On to the studio album … goddamnit. Speaking of self-indulgence, the idea here was for each of the four members to conceive and lead something of their own. The results are mostly awful. It begins with Wright’s epic and boring Sysyphus. Curious spelling. The main melody is an ominous, dark death march which mercifully dissolves into a rather pleasant instrumental piano piece before the playing gets erratic and avant-garde. This is where I typically lift the stylus. The next section is similar, sounding like randomly plucked piano strings in time with kindergarten percussion. It’s annoying. Next there’s a Mellotron and organ bit which starts off quiet and gloomy and gets louder & louder before finally, mercifully, returning to the opening death-march theme. It’s bullshit.
The next two tracks are Waters’ contributions. First is the lovely Grantchester Meadows, named after a green space in their hometown of Cambridge. It’s the best song on the studio album. It’s followed by an insane show-and-tell track, the wonderfully named Several Species Of Small Furry Animals Gathered Together In A Cave And Grooving With A Pict. The “song” has two parts — the beginning is a bunch of simulated rodent and animal sounds, microphone tapping and clicking accompanied by a sort of psychedelic beat-boxing — all performed by Waters. If that wasn’t bonkers enough, it devolves into the final bit — Waters shouting in an exaggerated Scottish burr.
I can’t help but wonder what producer Norman Smith made of all this. It’s well-known that while he was The Beatles’ engineer, John Lennon used to call him Normal Smith. So of course when Smith wrote an autobiography he called it John Lennon Called Me Normal. Sigh.
This was the last album he produced for the Floyd, for whom he actually has one performance credit — drums on Remember A Day, from Saucerful Of Secrets. Just as producer Jimmy Miller did on The Rolling Stones’ You Can’t Always Get What You Want, Smith stepped in to help a frustrated Nick Mason. Speaking of Mason, Side 4 of Ummagumma features his heinous songwriting contribution to the album — the pretentious, three-part Grand Vizier’s Garden Party. A Vizier, in case you’re wondering, was the highest-ranking political advisor to the Pharaoh in ancient Egypt.
The song, which closes out the album, begins with a flute introduction before we are subjected to several minutes of amateur timpani playing. Or, what seems like timpani playing — tuning up and down of some sort of drum — accompanied by cymbal crashes and other toms, the playful tapping of a wood block and lord knows what else — absolutely drenched in reverb to sound like it was performed in a concrete silo. Eat your hearts out, Great Lake Swimmers. It descends into a raucous overdubbing of drum fills before returning to the flutes for the outro.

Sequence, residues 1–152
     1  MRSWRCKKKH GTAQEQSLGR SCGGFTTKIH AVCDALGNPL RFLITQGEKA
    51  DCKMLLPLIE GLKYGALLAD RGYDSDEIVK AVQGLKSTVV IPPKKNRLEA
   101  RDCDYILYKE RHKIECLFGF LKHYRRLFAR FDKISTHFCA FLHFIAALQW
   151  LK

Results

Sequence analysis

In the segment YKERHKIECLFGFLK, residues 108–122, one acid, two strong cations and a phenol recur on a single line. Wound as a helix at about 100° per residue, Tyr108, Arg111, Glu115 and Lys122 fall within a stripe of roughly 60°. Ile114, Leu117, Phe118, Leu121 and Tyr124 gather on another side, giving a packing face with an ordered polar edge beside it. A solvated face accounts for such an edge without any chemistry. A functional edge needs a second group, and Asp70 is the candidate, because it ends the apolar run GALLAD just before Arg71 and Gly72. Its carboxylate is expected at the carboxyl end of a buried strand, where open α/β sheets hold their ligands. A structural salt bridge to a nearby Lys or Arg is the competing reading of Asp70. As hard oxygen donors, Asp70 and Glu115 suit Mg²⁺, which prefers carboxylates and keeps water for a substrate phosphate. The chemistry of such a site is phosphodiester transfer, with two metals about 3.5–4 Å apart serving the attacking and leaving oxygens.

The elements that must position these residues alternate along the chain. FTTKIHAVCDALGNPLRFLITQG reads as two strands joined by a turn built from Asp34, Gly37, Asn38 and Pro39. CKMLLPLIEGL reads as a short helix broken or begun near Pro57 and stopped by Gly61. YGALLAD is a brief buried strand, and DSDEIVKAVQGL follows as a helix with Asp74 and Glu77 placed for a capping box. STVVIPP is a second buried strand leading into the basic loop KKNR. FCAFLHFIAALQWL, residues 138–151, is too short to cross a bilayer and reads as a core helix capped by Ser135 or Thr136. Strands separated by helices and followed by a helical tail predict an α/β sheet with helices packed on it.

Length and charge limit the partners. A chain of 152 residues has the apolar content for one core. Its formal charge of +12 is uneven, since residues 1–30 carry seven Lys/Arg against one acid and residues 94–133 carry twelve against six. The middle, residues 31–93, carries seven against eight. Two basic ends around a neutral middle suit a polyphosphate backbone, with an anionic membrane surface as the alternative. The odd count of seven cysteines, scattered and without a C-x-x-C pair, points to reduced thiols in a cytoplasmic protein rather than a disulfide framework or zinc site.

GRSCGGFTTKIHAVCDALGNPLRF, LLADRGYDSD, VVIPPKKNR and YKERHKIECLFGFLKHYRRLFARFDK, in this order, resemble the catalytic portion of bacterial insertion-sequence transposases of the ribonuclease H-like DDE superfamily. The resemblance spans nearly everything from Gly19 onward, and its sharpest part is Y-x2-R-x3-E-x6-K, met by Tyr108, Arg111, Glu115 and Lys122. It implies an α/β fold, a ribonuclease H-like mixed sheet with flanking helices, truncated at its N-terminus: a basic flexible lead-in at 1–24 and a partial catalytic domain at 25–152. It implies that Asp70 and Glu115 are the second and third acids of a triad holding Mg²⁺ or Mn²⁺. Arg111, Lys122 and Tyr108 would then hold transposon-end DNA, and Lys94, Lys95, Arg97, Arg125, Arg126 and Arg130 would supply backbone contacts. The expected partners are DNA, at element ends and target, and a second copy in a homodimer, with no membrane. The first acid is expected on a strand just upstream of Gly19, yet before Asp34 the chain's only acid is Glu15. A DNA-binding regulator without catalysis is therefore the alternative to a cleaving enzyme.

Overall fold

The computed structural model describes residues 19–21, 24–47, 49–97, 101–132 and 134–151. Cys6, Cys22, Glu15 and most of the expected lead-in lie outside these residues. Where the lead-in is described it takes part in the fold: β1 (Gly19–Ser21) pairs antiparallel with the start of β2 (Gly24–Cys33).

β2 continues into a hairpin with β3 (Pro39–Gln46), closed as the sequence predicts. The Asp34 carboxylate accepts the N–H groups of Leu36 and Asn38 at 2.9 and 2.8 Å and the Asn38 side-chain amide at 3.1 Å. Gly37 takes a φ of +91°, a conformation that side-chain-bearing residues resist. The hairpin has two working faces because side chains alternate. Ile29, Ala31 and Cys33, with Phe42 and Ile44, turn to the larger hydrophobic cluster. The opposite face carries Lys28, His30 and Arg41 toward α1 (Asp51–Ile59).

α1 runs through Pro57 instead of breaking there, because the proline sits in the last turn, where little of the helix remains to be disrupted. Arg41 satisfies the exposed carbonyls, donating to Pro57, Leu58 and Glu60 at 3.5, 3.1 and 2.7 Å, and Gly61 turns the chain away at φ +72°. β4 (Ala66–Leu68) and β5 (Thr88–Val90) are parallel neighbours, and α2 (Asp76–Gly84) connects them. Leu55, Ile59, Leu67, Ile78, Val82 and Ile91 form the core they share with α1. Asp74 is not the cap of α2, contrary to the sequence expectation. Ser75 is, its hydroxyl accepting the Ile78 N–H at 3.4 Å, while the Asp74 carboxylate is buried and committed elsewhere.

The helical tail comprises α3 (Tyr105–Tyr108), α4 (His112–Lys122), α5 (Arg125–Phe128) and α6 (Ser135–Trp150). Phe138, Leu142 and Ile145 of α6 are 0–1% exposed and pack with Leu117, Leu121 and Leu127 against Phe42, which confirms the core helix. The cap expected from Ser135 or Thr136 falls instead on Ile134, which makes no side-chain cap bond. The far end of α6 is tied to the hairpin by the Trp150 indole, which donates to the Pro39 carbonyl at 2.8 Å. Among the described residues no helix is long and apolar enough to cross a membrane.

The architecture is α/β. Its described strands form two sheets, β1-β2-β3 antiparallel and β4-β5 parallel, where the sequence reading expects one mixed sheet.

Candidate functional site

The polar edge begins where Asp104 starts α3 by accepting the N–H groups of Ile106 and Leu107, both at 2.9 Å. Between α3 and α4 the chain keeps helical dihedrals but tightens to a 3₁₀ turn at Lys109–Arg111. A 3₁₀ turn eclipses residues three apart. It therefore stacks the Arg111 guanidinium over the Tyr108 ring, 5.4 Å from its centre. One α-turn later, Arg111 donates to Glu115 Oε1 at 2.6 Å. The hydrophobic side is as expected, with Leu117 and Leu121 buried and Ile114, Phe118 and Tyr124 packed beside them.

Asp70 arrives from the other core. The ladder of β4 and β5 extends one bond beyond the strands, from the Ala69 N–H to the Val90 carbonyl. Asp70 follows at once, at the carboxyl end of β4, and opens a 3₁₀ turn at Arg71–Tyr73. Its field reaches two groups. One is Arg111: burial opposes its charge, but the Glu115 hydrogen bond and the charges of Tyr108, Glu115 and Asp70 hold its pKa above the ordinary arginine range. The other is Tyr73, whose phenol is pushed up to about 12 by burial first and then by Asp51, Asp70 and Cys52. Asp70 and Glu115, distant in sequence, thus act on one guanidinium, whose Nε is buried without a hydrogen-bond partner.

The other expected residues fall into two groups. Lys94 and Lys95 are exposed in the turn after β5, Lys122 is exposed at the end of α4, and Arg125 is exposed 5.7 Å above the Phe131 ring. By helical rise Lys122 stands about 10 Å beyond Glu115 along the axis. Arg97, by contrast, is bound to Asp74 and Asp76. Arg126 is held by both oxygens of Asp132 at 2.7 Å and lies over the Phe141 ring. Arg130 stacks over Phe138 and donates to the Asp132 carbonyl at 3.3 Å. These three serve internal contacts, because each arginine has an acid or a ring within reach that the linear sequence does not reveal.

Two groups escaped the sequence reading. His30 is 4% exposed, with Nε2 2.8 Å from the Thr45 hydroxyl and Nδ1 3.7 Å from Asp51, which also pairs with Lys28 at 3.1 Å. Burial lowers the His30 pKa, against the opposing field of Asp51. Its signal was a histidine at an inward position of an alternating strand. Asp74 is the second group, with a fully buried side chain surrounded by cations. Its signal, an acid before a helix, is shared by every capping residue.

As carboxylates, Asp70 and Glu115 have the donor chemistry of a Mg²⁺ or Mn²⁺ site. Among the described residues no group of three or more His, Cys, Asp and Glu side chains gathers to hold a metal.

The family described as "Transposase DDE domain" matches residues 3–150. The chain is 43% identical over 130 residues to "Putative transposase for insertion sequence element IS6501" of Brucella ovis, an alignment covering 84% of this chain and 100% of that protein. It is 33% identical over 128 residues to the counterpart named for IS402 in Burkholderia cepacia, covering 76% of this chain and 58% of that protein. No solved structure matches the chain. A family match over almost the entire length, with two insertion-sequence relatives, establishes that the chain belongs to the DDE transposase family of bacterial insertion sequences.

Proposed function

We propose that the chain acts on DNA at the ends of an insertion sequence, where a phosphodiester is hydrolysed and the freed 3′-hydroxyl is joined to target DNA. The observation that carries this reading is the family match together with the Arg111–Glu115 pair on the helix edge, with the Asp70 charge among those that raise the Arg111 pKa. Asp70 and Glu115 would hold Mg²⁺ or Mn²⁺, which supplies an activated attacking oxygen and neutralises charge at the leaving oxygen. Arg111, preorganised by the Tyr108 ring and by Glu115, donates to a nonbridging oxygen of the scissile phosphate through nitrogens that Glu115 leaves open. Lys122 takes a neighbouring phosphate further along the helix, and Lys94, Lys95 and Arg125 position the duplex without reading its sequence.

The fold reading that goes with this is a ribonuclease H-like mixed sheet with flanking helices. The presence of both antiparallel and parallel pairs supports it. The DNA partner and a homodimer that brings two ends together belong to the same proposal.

The last side begins with Gilmour’s contribution, the frustrating The Narrow Way. And, of course, it has three parts. I actually really like this piece. It opens with a cool backward effect before jumping right into a soundtrack-sounding multi-tracked acoustic guitar piece with slide overdubs, once again sopping with reverb. Part 2 is a villain-sounding instrumental electric guitar riff set to a jungle beat. This again could be in a soundtrack, perhaps for a monster movie aimed at kids. A giant lizard perhaps. This eventually devolves into noise before Part 3 begins: The only song on the record which sounds like Pink Floyd. Well, 69-72 era soundtrack Floyd. It features an excellent lead vocal by Gilmour and some wonderfully sloppy and loud drum fills. It would have benefitted from a soaring Gilmour guitar solo, but he wasn’t really doing those yet. Nonetheless, this is how the album should have closed.
The live album is 4/5 stars, the studio album is 2/5 — so, 3/5 altogether.
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Area Resident is an Ottawa-based journalist, recording artist, music collector and re-seller. Hear (and buy) his music on Bandcamp, email him HERE, follow him on Instagram and check him out on Discogs.